By Lee Kennon
The politically and emotionally charged 75th Golden Globes were a tough act to follow for this year’s Grammys. The 60th Annual Grammy Award Show took place in New York City on January 28th, 2018.
There are many mixed feelings towards whether or not the Grammys remain important awards that have any true effect on musicians’ careers. Some people, like NBC writer Jeff Slate, argue that “with music available to us at the touch of a button in nearly every moment of our day — certainly more than even when AM and FM radio dominated the culture — the Grammys remain a windfall to performers and winners alike, whether they’re well-known or simply chipping away at the fringes of the music business.” Others, such as Cleveland.com writer Chuck Yarborough, have said that “the idea that a Grammy means forever notoriety – or even a career lasting more than a year – is more dead than Yoda, at least for most genres,” explaining that “artists no longer need or even use records to share their music or determine its popularity. It’s almost an extra expense, even.” Despite the ongoing debate surrounding the Grammys and their importance to the music industry at large, there were several aspects of the show itself that should be recognized.
While the Grammys did not as explicitly reference social and political change as the Globes did just a few weeks ago, politically charged moments still took place. There were several moments in which artists used the event as a platform to shed light on important issues through their performances and speeches.
Kendrick Lamar kicked off the night with a powerful performance of “XXX,” “DNA,”and “American Soul,” his collaboration with U2. He was also accompanied by U2’s The Edge and comedian Dave Chappelle. His performance awakened the audience in Madison Square Garden with a powerful political message. He opened with an American flag as his backdrop and an ensemble of dancers dressed in military attire. As the performance continued, the dancers revealed red hoodies and dropped to the ground at the sound of gunshots. Lamar continued to take a political stand throughout the night, such as when he endorsed Jay-Z for president during his acceptance speech after winning the award for Best Rap Album.
Continuing with the theme of politics, artist Camila Cabello used her platform on the stage, as she introduced U2, to share her remarks on the importance of DACA, the Deferred Action for Childhood Arrivals program. Cabello, a Cuban-Mexican immigrant, explained the importance of the DACA program, saying “I’m here on this stage tonight because just like the Dreamers my parents brought me to this country with nothing in their pockets but hope,” showing that “her journey” is similar to that of a Dreamer.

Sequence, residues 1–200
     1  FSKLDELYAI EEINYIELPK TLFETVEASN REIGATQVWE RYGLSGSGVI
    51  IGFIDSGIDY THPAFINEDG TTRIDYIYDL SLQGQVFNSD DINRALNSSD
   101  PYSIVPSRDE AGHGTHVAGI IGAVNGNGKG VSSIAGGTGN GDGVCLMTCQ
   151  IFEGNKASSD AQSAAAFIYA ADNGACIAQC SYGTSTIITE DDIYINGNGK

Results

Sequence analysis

Perhaps the most obvious political punch of the night was the pre-recorded parody segment of celebrities reading from the controversial newly-published book Fire and Fury: Inside the Trump White House by Michael Wolff. Among those celebrities reading was none other than Hillary Clinton. Shortly after the segment, President Trump’s son, Donald Trump, Jr., and other members of the White House, such as Nikki Haley, US Ambassador to the United Nations, took to twitter to express their frustrations.
The #MeToo movement and “Times Up” campaign also made their way to the Grammy stage, such as when artist and actress Janelle Monae introduced Ke$ha. Monae spoke to the importance of women and women standing up for themselves in the music industry. Her words captured the audience’s attention, as she powerfully said, “Tonight, I am proud to stand in solidarity as not just an artist but a young woman with my fellow sisters in this room who make up the music industry… and to those who would dare try and silence us, we offer you two words: Time’s up. We say time’s up for pay inequality, time’s up for discrimination, time’s up for harassment of any kind, and time’s up for the abuse of power.”
Similarly, rapper Logic followed his inspirational performance of his suicide prevention anthem titled “1-800-273-8255″ featuring Khalid and Alessia Cara with a moving speech. He addressed an array of social issues and the importance of using a platform like the Grammys to promote them, saying “Black is beautiful. Hate is ugly. Women are as precious as they are stronger than any man I have ever met… Be not scared to use your voice, especially in instances like these when you have the opportunity.” Trump took another hit as Logic continued, saying, “To all the beautiful countries filled with culture, diversity and thousands of years of history, you are not s***holes,” a reference to a comment Trump supposedly made during an immigration policy meeting at the White House a few weeks ago.
Maybe there wasn’t one single color worn to show solidarity on the red carpet. Maybe winning a Grammy does not affect a musician’s career as much as it used to. Maybe your favorite artist didn’t win an award. Nonetheless, it is clear that there is much to be learned and celebrated from the 60th Annual Grammy Awards. Celebrities took advantage of the platform they have been given to speak about important subjects and pursue change, and we can expect to see this trend continue throughout other awards shows.
To see a full list of the 60th Grammy Award nominees and winners, click here.
Featured image courtesy of Grammy.com.